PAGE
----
Developing a diverse public and private conservation planning service is necessary because NRCS’s ability to provide this service is limited under the 15% Technical and Administration spending cap on CSP funds. This compares to 25% in other programs such as EQIP. The 2002 Farm Bill and USDA have established a clear policy of encouraging outside certified conservation technical assistance, under the guidance of NRCS.
The inputs will include the Conservation Planning Training curriculum developed by an interagency/TSP team consisting of conservation district, NRCS, extension staff and representatives from the private agricultural service business and implemented under the guidance of Kevin Erb, University of Wisconsin Extension. The course content will be similar to curriculum listed below and adjustments will be made on application to Minnesota’s resource concerns, agricultural characteristics and scheduling needs.
Core Conservation Training for agency staff with less than 2 years experience
Conservation Core 1
The focus on this three-day orientation session is to teach new SWCD employees the basis for conservation planning – how to interact with both traditional and non-traditional producers, understanding components of livestock and cash grain production systems and the basics of tillage equipment
Conservation Core 2 – The three-day session focuses on the electronic tools necessary for conservation planning including RUSLE2, GIS applications, basic agronomy of Minnesota crops and an introduction to alternative agricultural enterprises.
Conservation Core 3 – The final core session focuses on best management practices available, how they fit with ag and non-ag systems, and protecting cultural resources when modifying the landscape.
CCA/TSP Training for private sector consultants takes the essentials from the core courses and provides TSP/CCA’s a solid basis to integrate their existing knowledge with the basic field/technical skills required of conservation planners. CCAs/TSPs that complete the 1 ½ days can then join agency staff for the Conservation Planning Sessions.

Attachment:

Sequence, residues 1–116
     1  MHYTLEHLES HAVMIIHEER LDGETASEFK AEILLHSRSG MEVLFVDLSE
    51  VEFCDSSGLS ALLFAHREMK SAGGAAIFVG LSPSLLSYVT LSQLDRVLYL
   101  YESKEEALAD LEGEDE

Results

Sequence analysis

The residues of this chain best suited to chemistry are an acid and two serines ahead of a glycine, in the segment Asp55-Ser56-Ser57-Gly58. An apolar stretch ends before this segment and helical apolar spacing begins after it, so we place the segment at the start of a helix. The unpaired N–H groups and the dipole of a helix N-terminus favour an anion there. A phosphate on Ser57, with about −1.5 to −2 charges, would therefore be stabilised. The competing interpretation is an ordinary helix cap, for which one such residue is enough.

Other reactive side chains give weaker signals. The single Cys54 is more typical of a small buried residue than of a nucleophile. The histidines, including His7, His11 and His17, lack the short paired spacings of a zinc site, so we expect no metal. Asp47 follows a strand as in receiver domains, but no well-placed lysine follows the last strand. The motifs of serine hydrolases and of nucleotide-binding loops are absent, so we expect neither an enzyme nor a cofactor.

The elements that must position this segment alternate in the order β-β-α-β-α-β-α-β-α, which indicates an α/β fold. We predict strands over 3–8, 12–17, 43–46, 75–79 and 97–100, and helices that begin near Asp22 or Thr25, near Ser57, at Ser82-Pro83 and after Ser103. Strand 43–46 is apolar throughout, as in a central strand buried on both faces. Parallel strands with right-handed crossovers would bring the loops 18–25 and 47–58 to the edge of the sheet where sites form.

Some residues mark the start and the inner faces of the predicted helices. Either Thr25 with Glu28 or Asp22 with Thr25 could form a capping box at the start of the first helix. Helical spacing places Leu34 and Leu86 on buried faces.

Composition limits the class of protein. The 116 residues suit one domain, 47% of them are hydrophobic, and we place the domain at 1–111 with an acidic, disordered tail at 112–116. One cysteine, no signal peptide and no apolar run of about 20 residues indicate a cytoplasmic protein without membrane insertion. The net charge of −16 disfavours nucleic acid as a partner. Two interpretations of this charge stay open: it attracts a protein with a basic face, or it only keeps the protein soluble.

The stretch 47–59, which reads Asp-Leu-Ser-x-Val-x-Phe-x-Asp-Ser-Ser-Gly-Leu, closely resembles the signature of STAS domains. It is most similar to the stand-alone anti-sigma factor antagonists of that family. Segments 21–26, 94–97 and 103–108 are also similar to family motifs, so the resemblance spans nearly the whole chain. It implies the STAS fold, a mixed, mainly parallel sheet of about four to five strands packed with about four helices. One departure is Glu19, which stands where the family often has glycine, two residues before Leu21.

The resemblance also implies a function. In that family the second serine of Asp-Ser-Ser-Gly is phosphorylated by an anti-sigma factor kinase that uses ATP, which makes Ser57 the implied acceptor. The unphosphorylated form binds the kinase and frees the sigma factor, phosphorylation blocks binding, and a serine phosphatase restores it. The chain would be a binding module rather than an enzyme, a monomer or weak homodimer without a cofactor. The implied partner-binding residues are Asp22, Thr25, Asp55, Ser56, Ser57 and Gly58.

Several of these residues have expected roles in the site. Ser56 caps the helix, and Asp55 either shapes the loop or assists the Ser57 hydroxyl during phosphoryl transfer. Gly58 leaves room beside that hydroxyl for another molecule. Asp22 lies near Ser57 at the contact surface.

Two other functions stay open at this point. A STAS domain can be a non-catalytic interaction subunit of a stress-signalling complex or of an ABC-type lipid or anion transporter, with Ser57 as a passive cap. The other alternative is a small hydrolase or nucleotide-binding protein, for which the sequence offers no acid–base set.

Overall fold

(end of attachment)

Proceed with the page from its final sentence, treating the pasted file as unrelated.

Understanding RUSLE2 – A half-day hands-on class introduces the RUSLE 2 soil loss model, how it works, and the data necessary to run the program.
Introduction to Conservation Planning for TSPs/CCA’s – A full-day, field session that introduces private sector consultants to determining ground slopes, residue management, conservation options, understanding agency technical standards and cultural/heritage resources.
Conservation Planning Training for agency staff with 3-5 years experience and CCAs/TSPs who have completed Part B is a four-session series providing a research-based approach to whole-farm conservation planning. By focusing on the entire ecosystem scale, this training series provides a hands-on approach to conservation plan development, evaluation and landowner education.
Conservation Planning 1 – The 2-day module focuses on sheet/rill/ephemeral erosion, upland and lowland resource concern identification, forestry and modeling tools used to quantify resource concerns
Conservation Planning 2 – The 2 ½-day module focuses on soil quality, ecological principals in agricultural production, grazing, organic and alternative agricultural operations.
Conservation Planning 3 – The 2 ½-day module focuses on drainage issues, livestock and the conservation plan, vegetable crops and farmstead evaluation.
Conservation Planning 4 – The 2 ½-day module pulls the plan together and focuses on issues in irrigated vegetable production, wind erosion, and ground water issues.
Course training will be provided by a combination of experts provided by the U of Minnesota Extension, Board of Water & Soil Resources, Minnesota Departments of Agricultural, Natural Resources and Health and the NRCS. Les Everett, University of Minnesota indicated that several local and regional extension educators would be qualified to deliver these training components. Tim Gieseke, Minnesota Project staff will provide training support that ties conservation planning to the Conservation Security Program eligibility requirements. NRCS would ensure that the trainers and their materials meet their specifications for conservation planning certification.